City ponders roundabout as cure to traffic ills

Posted: Friday, December 01, 2000

The city is looking at a $500,000 roundabout to cure some of the traffic ills that continue to plague the Marine Way and parking garage intersection downtown. City staff put its proposal for the teardrop-shaped traffic island to Juneau Assembly Public Works Committee members at a Wednesday meeting.

The roundabout is designed to allow vehicles exiting the garage to ease into traffic on Marine Way and to let buses leaving the Alaska Steamship dock area turn around without having to drive all the way to the ferry terminal parking lot on South Franklin Street, said assembly member Ken Koelsch, chairman of the Public Works Committee. Koelsch is also head of the Transportation Steering Committee, tasked with developing an areawide transportation plan for Juneau for the next 20 years.

The average daily traffic through the intersection in 1999 was 5,600 vehicles, said Rorie Watt, the city's chief projects engineer.

"The traffic going up or down Marine Way isn't too bad," Watt said. "But vehicles exiting the garage sometimes have to wait 10 to 15 minutes before they can make a left turn. The librarians going anywhere routinely allow for an extra 15 minutes."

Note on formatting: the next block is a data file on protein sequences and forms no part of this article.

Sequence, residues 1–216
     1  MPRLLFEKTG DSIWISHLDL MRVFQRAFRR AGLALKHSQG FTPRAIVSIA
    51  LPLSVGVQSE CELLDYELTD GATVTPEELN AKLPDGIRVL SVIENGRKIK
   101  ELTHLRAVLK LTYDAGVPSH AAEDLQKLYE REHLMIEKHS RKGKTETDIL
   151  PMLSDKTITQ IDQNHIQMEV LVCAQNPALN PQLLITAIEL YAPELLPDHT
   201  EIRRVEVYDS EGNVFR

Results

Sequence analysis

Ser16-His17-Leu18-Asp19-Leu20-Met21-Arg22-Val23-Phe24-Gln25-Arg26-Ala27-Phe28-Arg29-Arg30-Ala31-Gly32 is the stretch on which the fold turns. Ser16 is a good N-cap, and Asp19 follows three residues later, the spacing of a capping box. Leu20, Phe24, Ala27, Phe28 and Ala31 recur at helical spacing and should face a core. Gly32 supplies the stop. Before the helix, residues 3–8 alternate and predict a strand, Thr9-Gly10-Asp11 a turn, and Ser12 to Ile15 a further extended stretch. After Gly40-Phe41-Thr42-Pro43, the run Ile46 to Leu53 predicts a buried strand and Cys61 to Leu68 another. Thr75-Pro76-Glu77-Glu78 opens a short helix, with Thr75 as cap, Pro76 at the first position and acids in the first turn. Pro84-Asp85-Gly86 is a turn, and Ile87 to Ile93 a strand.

The project also will improve pedestrian crossings, Watt said.

"What we have now is pedestrians crossing freely and vehicles having to stop in all sorts of places as a result," he said.

The project calls for two 20-foot-wide pedestrian crossings one north and one south of the garage with each a different color and texture from the surrounding pavement. And there has been discussion about directional signage for visitors.

"Pedestrians coming up South Franklin and reaching the 'Y' can get confused about where they want to go," Watt said. "The same for people coming off the wharf steps."

If the city were to "move aggressively," he said, the project could be completed next spring.

Although the street is a state Department of Transportation responsibility, how to pay for the project hasn't been decided because the project may not have a high enough priority for DOT funding, Watt said.

The assembly already has tapped cruise ship passenger fee proceeds for $50,000 to fund the project's design.

"We haven't identified the source of the rest of the funding yet," Koelsch said. "But there's a very good chance we can get it from the passenger fee, since (the project) directly serves the tourist area."



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